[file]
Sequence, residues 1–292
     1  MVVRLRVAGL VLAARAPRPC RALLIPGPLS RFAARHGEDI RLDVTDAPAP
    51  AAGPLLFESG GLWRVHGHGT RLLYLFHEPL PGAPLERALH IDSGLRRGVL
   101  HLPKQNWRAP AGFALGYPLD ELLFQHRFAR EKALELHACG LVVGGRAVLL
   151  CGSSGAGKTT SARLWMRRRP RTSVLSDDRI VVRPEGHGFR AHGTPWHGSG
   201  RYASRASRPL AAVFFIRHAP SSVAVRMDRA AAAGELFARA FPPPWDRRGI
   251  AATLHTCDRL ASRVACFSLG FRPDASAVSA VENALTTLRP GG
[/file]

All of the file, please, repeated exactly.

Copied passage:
Sequence, residues 1–292
     1  MVVRLRVAGL VLAARAPRPC RALLIPGPLS RFAARHGEDI RLDVTDAPAP
    51  AAGPLLFESG GLWRVHGHGT RLLYLFHEPL PGAPLERALH IDSGLRRGVL
   101  HLPKQNWRAP AGFALGYPLD ELLFQHRFAR EKALELHACG LVVGGRAVLL
   151  CGSSGAGKTT SARLWMRRRP RTSVLSDDRI VVRPEGHGFR AHGTPWHGSG
   201  RYASRASRPL AAVFFIRHAP SSVAVRMDRA AAAGELFARA FPPPWDRRGI
   251  AATLHTCDRL ASRVACFSLG FRPDASAVSA VENALTTLRP GG